The 1RM test was randomly performed for each leg separately as described by Baechle and Earle . The initial warm-up period utilized a weight that could be easily lifted for 5-10 repetitions of knee extension. Then, following a 1 min rest period, the weight was increased by 10-20%, and 5 more repetitions were performed. The last warm-up set of 2-3 repetitions occurred after a 2 min rest, with another weight increase of 10-20%. Participants then began single attempts of knee extension with increased weight until the weight could not be lifted through a full range of motion. No more than 5 attempts were allowed to reach maximal strength, and 3 min rest periods separated each attempt. After a 10 min rest, the second leg performed the same test sequence. There was no significant difference between the maximum strength values measured from both legs (p > 0.05).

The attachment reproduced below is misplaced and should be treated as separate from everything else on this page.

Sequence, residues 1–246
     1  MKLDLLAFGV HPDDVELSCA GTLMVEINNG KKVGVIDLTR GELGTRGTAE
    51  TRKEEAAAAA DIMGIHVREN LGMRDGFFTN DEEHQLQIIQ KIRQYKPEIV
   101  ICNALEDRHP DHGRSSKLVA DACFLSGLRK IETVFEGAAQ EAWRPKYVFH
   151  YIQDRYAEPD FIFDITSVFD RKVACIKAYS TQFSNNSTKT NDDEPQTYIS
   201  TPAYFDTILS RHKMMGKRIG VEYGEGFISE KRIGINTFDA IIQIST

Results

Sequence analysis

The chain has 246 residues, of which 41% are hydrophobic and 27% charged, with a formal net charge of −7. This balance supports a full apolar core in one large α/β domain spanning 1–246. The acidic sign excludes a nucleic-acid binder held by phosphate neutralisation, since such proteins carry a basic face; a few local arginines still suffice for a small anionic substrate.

Oxidative stress was verified according to the Lipid Peroxide (LP) levels and the Antioxidant Activity of Plasma (AAP). The lipid peroxide levels were quantified using the reaction of thiobarbituric acid with the decomposition products of the hydroperoxides, as described by Ohkawa, et al. . For this, 250 μL of serum was incubated in a water bath at 37 ℃ for 60 minutes. Samples were then precipitated with perchloric acid AA at 35% and centrifuged at 14,000 rpm for 20 minutes at a temperature of 4 ℃. The top layer of supernatant was transferred to new micro tubes, to which 400 μL of thiobarbituric acid at 0.6% was added and incubated at 100 ℃ for 60 minutes. After cooling, the samples were analyzed using an ultraviolet spectrophotometer (Bioespectro, model 22, Brazil) at a wavelength of 532 nm and room temperature.